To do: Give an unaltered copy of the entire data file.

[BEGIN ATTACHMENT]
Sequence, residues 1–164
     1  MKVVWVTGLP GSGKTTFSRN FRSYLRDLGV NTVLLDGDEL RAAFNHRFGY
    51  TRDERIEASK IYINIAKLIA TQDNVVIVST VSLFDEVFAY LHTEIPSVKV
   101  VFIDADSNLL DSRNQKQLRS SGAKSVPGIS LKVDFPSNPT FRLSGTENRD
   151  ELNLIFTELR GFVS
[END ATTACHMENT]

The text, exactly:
Sequence, residues 1–164
     1  MKVVWVTGLP GSGKTTFSRN FRSYLRDLGV NTVLLDGDEL RAAFNHRFGY
    51  TRDERIEASK IYINIAKLIA TQDNVVIVST VSLFDEVFAY LHTEIPSVKV
   101  VFIDADSNLL DSRNQKQLRS SGAKSVPGIS LKVDFPSNPT FRLSGTENRD
   151  ELNLIFTELR GFVS